Facebook announced on Monday that it is launching a new chat app for kids. The app, called Messenger Kids, allows children to send messages and photos and video chat with specific contacts that have been approved by their parents.
The app, completely seperate from the usual Facebook and Messenger apps, is compliant with the Children’s Online Privacy and Protection Act, the company said
Facebook is aiming Messenger Kids at parents who want to use Facebook to stay in touch with children under the age of 13 who are too young to sign up for a regular account on the site. The app is launching for iPhone immediately, but will eventually come to Android and Amazon Fire devices.
According to TIME, “there’s a simple reason Facebook is starting to focus on children: Kids are already using technology anyway. In a study conducted by Facebook and the National Parent Teacher Association, 81% of 1,200 American parents surveyed reported that their children started using social media apps between the ages of eight and 13.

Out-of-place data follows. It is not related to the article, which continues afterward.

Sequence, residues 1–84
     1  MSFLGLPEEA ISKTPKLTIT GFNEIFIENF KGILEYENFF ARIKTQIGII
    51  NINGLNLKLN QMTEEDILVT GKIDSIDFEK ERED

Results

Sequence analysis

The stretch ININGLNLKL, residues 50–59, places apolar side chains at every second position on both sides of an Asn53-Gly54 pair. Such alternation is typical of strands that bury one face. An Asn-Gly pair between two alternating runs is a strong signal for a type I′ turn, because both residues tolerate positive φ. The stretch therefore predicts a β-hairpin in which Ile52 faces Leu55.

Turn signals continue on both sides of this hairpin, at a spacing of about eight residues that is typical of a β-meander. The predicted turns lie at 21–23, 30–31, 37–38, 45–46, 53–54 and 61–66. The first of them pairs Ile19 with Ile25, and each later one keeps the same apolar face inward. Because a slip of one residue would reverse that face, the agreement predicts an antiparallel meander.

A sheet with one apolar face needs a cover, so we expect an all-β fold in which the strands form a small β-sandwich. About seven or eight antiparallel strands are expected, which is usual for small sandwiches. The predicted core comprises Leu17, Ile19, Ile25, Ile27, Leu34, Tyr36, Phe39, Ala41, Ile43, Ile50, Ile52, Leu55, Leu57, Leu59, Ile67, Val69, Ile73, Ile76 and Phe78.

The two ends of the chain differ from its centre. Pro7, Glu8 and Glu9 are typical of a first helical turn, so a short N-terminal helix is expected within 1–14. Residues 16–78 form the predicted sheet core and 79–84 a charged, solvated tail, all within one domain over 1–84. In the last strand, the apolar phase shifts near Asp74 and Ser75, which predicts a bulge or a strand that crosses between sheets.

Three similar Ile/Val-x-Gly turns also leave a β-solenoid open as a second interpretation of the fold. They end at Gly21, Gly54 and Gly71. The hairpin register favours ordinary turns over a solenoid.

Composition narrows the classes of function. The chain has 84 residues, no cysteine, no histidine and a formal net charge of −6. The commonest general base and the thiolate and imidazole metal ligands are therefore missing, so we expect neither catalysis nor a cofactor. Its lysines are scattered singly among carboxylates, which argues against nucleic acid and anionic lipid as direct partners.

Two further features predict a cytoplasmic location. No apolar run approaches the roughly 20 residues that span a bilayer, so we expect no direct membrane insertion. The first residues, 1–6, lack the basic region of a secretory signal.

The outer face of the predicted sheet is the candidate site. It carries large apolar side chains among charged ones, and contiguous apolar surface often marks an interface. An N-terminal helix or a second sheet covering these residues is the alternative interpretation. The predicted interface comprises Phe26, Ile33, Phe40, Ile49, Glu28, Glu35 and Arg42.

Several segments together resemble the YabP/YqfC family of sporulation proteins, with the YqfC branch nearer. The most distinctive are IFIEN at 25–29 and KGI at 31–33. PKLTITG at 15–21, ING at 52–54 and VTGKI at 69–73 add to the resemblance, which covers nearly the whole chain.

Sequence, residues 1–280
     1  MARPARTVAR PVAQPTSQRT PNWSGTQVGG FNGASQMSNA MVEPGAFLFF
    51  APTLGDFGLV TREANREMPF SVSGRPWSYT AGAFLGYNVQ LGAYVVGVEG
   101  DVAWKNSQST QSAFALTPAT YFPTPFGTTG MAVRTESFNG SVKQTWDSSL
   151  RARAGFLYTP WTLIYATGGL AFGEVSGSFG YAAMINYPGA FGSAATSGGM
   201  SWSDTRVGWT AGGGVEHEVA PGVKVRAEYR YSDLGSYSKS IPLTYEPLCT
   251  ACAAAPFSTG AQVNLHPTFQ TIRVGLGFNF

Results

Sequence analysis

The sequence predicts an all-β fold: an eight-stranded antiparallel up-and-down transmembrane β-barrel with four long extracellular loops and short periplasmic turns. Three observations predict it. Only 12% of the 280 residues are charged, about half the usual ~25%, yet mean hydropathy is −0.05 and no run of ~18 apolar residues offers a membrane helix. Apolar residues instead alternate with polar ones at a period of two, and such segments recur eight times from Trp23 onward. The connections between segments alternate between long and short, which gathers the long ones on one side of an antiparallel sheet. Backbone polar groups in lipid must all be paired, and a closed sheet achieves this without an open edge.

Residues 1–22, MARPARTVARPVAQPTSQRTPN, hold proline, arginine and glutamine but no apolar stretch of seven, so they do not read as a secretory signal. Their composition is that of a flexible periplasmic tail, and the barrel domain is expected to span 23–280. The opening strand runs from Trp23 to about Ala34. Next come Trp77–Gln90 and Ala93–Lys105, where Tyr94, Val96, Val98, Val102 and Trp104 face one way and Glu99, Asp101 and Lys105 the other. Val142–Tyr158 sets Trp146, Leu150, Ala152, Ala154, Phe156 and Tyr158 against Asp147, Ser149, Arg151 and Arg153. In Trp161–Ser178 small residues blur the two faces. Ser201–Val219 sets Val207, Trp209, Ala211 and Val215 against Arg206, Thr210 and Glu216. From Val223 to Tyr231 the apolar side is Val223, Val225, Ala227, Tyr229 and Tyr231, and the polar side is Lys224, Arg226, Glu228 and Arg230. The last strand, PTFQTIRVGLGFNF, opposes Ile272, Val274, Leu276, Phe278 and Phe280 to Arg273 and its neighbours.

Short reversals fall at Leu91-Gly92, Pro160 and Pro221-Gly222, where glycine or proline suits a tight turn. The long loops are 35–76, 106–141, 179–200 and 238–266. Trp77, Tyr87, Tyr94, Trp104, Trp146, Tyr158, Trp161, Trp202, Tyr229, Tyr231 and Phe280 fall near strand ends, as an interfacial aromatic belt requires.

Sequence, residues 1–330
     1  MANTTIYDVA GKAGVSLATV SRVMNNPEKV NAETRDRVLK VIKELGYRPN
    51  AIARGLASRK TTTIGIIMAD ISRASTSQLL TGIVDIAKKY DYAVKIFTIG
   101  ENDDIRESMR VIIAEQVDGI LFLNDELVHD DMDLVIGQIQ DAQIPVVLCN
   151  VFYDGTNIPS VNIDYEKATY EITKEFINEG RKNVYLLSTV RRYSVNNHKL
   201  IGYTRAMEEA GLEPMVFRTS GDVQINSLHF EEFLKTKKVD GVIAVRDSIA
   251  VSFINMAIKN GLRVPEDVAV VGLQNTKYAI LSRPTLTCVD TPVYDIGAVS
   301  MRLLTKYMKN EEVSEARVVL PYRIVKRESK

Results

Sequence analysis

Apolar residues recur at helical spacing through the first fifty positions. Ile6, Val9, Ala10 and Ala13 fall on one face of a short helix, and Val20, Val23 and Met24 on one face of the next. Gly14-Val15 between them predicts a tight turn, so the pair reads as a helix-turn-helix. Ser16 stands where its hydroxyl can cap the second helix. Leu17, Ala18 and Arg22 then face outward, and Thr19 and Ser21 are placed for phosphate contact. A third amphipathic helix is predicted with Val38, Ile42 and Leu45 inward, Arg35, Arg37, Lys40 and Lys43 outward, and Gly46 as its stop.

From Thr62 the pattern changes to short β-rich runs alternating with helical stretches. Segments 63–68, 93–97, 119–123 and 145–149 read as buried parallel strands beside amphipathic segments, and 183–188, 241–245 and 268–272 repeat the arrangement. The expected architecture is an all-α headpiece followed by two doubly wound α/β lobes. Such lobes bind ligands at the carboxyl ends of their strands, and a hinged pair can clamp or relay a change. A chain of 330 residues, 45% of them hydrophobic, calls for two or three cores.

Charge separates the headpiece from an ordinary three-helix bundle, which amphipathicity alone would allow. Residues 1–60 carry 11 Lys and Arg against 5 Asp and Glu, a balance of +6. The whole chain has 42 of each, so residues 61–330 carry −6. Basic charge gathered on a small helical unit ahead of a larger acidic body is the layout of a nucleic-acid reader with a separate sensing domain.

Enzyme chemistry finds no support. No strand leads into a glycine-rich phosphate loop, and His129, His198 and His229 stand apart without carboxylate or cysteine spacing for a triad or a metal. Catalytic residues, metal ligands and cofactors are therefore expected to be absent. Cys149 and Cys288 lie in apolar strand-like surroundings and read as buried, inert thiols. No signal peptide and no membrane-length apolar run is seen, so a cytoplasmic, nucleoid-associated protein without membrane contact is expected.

“When launching Messenger Kids, children will see a home screen that shows the contacts they can communicate with and when they’re online. A button for launching the camera is located toward the top of the screen. There are no advertisements or in-app purchases in the app, and Facebook says it can detect certain types of abusive content and prevent it from appearing in Messenger Kids. As is the case with the regular Facebook app, the camera in Messenger Kids is loaded with stickers and effects — all of which have been made specifically for the child-friendly app and aren’t available in Facebook’s other services. This includes an effect that places a virtual mask on the user’s face and makes a corresponding sound when he or she opens their mouth. Right now Messenger Kids is designed for sending messages and video chatting, but Facebook hasn’t ruled out the possibility of adding new features as it learns more about how people use the app.
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